[Tagging] Proposed feature - Voting - electricity

Lukas Richert lrichert at posteo.de
Sat Jan 2 19:24:57 UTC 2021

That is *precisely* the purpose of the tagging.

The conversation got a bit off-track questioning the longevity of the 
tag, but I think it will still be relevant for 20-30 years. I mean we 
have tagging for covid19 opening hours - they'll hopefully have a 
shorter lifespan!

On 02/01/2021 20:00, Brian M. Sperlongano wrote:
> I was under the impression that the purpose of tagging the electricity 
> source was for electricity consumers that wished to discern between 
> green energy and fossil fuel-supplied energy (or some other 
> characteristic which might influence their decision) when "shopping", 
> if you will, for a point-of-use electricity provider.
> However, if an entire region or country has their electricity supplied 
> by a common source, I would not be in favor of mapping every single 
> electric outlet with this fact.
> On Sat, Jan 2, 2021 at 1:37 PM Lukas Richert <lrichert at posteo.de 
> <mailto:lrichert at posteo.de>> wrote:
>     Let's not be needlessly pedantic - sure 95% probably also works.
>     The point is, compared to the age of the map, this will be a
>     relevant feature for a significant amount of time, at least in
>     some countries. If the feaure is not advertised anymore, the tag
>     dies out on its own.
>     On 02/01/2021 15:55, Paul Allen wrote:
>>     On Sat, 2 Jan 2021 at 14:32, Lukas Richert <lrichert at posteo.de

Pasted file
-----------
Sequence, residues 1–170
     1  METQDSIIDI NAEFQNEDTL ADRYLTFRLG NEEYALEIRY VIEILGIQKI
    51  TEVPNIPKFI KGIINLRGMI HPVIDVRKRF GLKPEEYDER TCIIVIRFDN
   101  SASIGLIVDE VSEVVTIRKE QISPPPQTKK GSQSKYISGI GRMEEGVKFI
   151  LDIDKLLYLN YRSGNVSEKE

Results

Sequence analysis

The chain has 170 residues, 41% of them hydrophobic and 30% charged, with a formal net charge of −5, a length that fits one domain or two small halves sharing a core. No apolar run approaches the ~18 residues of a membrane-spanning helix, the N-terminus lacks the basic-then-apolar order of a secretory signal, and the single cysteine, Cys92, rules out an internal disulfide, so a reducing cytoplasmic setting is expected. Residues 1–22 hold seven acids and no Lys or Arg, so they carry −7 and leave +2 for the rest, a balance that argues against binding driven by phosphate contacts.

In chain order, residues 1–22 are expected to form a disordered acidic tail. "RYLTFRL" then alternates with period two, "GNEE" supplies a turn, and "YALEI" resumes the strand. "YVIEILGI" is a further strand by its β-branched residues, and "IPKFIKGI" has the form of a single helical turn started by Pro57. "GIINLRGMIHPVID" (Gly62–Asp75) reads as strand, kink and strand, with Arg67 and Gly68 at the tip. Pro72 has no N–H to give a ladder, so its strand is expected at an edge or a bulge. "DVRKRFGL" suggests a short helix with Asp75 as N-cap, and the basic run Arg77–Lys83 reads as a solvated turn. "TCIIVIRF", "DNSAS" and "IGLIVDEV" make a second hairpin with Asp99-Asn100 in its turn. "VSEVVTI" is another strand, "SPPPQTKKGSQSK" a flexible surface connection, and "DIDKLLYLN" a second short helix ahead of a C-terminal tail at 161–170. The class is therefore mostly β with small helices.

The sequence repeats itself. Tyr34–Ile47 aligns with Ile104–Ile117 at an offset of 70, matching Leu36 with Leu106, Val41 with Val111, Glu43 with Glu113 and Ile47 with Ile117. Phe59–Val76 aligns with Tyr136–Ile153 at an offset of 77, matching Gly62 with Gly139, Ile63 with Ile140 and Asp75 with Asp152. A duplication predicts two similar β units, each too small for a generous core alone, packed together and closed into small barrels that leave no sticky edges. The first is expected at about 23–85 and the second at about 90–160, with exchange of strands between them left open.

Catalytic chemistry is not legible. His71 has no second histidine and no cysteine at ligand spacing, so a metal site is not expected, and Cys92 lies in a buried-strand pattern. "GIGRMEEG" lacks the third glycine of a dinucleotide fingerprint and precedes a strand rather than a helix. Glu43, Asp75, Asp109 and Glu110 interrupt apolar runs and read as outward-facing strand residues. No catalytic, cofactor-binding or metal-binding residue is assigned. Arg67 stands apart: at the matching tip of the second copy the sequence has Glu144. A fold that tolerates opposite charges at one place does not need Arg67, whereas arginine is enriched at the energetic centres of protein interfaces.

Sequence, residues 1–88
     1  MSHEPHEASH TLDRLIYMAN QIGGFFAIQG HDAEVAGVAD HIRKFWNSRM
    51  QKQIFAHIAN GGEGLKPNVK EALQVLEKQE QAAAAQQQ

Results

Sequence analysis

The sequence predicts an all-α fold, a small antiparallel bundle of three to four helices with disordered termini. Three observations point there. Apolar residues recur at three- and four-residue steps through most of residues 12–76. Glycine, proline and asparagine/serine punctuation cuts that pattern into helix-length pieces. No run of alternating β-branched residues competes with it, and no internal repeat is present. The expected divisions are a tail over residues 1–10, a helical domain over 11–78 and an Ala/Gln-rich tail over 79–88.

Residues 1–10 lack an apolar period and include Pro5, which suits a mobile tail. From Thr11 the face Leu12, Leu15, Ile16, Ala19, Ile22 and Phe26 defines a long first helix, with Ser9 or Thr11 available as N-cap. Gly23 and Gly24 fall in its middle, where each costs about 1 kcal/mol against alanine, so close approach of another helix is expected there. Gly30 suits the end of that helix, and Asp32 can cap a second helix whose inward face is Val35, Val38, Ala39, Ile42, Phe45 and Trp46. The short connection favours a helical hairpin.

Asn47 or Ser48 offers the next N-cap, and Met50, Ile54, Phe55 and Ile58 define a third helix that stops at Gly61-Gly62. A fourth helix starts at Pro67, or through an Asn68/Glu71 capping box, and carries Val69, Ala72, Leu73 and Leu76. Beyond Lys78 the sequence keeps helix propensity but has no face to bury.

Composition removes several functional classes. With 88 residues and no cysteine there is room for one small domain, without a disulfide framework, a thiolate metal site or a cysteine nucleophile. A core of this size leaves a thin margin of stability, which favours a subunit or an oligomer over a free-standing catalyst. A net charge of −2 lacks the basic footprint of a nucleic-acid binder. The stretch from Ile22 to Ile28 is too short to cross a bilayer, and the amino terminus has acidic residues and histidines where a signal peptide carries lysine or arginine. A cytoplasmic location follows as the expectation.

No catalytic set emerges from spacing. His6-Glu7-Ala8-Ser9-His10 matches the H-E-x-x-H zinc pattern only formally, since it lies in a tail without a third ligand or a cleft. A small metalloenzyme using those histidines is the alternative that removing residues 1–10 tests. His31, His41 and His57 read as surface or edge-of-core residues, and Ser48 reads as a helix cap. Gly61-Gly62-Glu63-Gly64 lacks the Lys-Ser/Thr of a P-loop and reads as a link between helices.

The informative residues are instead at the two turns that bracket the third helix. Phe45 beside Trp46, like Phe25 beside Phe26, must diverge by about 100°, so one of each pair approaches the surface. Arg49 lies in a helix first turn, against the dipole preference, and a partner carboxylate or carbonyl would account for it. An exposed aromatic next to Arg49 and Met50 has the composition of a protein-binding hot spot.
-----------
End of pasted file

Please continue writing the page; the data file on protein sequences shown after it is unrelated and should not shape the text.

>>     <mailto:lrichert at posteo.de>> wrote:
>>         When a country completely switches to renewable energies in
>>         their grid, I would be overjoyed to completely delete the
>>         electricity:grid:origin tags in that region.
>>     So you think it necessary to wait for 100% renewable on the grid?
>>     99.99999% is not good enough?  How about 99%? 98%?  Where
>>     do you draw the line on that?
>>     In reality, the point where the tag can be removed is when nobody
>>     advertises the source any more.  And that will come long before
>>     100% (or 98%) switchover on the grid.  At some point there is
>>     no financial return to be had from advertising renewable sources,
>>     when non-renewable sources are a rare exception.  That point
>>     will actually be even earlier than that, when renewables are
>>     common enough that the gains from advertising renewable
>>     sources fall short of the costs of the advertising.
>>         Most countries are aiming for this to occur by 2050 with many
>>         still falling
>>     China recently changed the game.  It realized it was now cheaper
>>     to use
>>     renewables than non-renewables, so committed to a shorter timescale.
>>     Economies of scale from China alone mean that renewable costs,
>>     already cheaper than non-renewable, will fall even more.  There's
>>     a reason Exxon-Mobil is no longer in the Dow Jones 30-stock
>>     benchmark: it's not going to be a big profit maker in the future
>>     so people are no longer paying a lot for the stock.
>>     Advanced countries with competent leadership are starting to follow
>>     China's lead as they realize there's a large manufacturing industry
>>     developing that will be based in China unless they set up their own
>>     industries.  They either compete with China now or buy the hardware
>>     from China for a long time to come.
>>     We have reached a tipping-point in the climate change crisis: the one
>>     where it's cheaper RIGHT NOW to do something than not do
>>     something.  Future returns are not great drivers: "Do something
>>     now or you'll regret it in 30 years because of the expense of
>>     dealing with severe climate change" doesn't influence markets
>>     much.  "Do it now and you'll make money now" is a great driver.
>>     I don't see this tag having a long life.
>>     -- 
>>     Paul
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